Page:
Q: How important is self-education to an entrepreneur?
A: Successful entrepreneurs are made, not born. One attribute that most of them share is their long-term perspective, particularly with respect to education. These people have a desire to know more, to find out how other people operate and to seek new ideas to try in their companies. This desire gives them huge long-term advantages over their competitors. It doesn't necessarily help today or tomorrow, but over time it turns them into unstoppable entrepreneurial forces. While formal education such as university study is important, this column will focus on informal self-education.
Long-term business success relies on continuous personal growth. Achieving that means being better today than you were yesterday, and being better tomorrow than you are today. A common mistake for most people is that they "just don't have time" to work on the things that will make them better at what they do. They get caught up in the daily operations of the business and can't see past them. You may have heard the old saw that some things are urgent and some are important, but few things are both. Many people spend their time on the urgent things because their lack of planning and long-term perspective continually creates additional urgent things. Self-education is a good example of something that is extremely important but not at all urgent.
What you must do is immerse yourself in data and make it your goal to absorb and understand that data, turn it into knowledge and then use that knowledge to gain experience. This is a long-term task, and the main reason most people fail to stay with it is because the feedback loop is so long. It often takes months of hard work before you start to see positive changes. You won't see the changes as they happen, but will look back one day and be amazed at how much your judgment and business skills have grown. You'll feel yourself start to think more clearly, you'll understand more of what you see and hear, and your entrepreneurial vision will become clearer.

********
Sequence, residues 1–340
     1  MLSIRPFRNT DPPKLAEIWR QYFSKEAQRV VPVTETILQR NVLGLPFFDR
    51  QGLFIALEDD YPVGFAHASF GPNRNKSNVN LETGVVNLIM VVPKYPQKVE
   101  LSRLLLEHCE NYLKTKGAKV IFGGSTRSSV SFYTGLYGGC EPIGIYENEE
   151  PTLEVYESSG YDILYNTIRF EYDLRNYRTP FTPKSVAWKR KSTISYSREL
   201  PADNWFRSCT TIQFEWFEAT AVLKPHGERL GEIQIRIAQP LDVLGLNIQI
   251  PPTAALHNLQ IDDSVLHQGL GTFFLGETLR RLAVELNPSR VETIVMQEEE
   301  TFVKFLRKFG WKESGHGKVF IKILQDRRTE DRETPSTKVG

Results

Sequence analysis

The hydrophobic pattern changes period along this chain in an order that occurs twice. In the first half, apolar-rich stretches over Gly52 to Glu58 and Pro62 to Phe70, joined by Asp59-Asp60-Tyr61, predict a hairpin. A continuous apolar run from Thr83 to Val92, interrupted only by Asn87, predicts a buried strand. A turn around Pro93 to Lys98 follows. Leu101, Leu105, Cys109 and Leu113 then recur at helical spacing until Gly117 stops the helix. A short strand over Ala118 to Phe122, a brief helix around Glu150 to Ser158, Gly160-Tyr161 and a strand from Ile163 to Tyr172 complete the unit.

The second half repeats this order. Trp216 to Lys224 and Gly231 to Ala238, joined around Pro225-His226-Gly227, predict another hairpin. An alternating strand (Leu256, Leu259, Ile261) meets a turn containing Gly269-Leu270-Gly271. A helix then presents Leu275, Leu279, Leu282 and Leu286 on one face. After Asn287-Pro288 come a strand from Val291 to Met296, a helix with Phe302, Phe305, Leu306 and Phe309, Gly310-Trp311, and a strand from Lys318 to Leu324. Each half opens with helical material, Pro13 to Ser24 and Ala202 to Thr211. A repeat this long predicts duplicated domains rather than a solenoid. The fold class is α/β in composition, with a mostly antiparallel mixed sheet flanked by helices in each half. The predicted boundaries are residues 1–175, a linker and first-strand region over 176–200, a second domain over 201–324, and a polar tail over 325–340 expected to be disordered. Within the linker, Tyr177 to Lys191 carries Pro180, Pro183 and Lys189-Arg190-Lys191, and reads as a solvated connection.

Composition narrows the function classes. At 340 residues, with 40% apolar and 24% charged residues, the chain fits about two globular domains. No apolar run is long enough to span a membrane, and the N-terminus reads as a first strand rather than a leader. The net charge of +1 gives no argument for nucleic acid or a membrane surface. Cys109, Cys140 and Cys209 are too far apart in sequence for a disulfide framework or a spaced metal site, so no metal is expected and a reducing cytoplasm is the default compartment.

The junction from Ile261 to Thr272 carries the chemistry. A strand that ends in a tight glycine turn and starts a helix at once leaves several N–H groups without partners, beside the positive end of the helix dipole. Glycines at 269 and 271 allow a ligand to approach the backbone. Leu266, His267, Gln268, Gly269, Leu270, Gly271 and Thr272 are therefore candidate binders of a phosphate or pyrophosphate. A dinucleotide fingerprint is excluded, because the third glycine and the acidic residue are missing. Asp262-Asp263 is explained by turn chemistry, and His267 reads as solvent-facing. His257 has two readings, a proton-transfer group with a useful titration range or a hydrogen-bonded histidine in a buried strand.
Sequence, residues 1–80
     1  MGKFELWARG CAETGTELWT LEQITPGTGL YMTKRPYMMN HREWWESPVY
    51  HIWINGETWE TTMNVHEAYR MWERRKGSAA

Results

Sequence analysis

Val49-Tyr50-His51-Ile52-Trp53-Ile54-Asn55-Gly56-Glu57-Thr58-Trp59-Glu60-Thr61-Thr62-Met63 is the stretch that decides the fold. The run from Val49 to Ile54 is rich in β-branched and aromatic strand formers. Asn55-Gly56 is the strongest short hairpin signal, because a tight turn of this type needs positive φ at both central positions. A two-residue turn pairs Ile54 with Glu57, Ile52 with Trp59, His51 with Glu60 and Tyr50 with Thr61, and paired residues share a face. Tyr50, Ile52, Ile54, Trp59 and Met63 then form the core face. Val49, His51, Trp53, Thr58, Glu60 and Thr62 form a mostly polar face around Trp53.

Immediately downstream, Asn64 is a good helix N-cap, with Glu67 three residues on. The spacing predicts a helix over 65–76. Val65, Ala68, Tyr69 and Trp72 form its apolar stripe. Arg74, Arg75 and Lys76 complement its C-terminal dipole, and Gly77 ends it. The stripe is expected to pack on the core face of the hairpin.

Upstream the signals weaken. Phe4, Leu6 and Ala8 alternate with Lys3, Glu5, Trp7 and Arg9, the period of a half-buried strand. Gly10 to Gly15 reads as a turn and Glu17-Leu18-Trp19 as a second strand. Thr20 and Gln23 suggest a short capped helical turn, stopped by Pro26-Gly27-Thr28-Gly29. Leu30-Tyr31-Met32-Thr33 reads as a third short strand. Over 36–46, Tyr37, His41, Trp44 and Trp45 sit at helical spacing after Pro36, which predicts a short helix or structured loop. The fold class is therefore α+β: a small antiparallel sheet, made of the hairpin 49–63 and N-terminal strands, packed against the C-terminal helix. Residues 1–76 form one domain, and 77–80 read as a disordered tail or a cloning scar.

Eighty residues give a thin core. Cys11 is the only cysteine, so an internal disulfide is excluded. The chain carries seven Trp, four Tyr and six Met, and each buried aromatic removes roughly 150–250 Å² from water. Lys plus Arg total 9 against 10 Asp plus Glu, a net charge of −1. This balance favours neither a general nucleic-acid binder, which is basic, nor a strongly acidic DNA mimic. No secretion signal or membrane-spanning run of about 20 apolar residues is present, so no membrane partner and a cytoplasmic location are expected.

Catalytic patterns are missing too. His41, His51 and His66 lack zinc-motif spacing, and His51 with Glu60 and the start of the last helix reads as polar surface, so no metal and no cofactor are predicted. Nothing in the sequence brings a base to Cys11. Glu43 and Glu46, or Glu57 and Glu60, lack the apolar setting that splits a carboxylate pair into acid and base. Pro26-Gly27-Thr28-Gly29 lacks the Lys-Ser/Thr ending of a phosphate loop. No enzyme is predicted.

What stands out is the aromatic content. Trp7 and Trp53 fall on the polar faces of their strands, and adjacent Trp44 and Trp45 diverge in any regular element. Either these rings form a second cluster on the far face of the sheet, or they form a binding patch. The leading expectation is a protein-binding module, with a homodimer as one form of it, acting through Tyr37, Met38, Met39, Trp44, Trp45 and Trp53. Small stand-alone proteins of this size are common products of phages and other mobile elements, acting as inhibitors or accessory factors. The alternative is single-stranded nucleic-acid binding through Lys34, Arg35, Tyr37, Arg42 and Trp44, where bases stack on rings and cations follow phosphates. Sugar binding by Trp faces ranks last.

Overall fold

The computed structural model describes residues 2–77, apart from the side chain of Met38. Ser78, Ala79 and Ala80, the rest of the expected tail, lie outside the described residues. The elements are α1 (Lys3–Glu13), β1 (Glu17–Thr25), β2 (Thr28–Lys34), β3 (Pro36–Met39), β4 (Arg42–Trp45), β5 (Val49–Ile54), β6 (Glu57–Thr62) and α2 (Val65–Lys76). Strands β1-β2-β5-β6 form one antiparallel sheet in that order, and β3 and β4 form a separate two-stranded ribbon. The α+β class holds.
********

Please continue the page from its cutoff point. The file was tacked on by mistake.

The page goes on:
What must you do to enjoy the long-term benefits of this strategy? Subscribe to business magazines and e-mail newsletters (Entrepreneur.com has several for free-click here) and read them consistently. If you have a Palm or Pocket PC, use e-book software to read business articles and e-books. Listen to audio tapes in your car. Commit yourself to reading (or listening to) at least one or two business books each month. Register for seminars and short classes that teach hands-on skills such as marketing, sales, accounting, legal issues, etc.-the more you know about each such subject, the better you'll be at supervising people who do those tasks for you. In general, you must make your education a priority and schedule significant amounts of time for it. While some of this can be squeezed into your day (such as reading while waiting in line), much of it will require you to give up something else (such as TV).
Most people aren't born with the discipline to do this. It takes effort and practice to get in the habit of continuous learning. But if you realize that your efforts today will pay you large dividends next year, your business will continue to accelerate while your competitors cruise along at a constant speed.
Keith Lowe is an experienced entrepreneur who is a founder and investor in companies in several industries. Lowe also mentors new entrepreneurs; serves as past chairman of the board for Biztech, a nonprofit high-tech business incubator; and is a co-founder and officer for the Alabama Information Technology Association.
The opinions expressed in this column are those of the author, not of Entrepreneur.com. All answers are intended to be general in nature, without regard to specific geographical areas or circumstances, and should only be relied upon after consulting an appropriate expert, such as an attorney or accountant.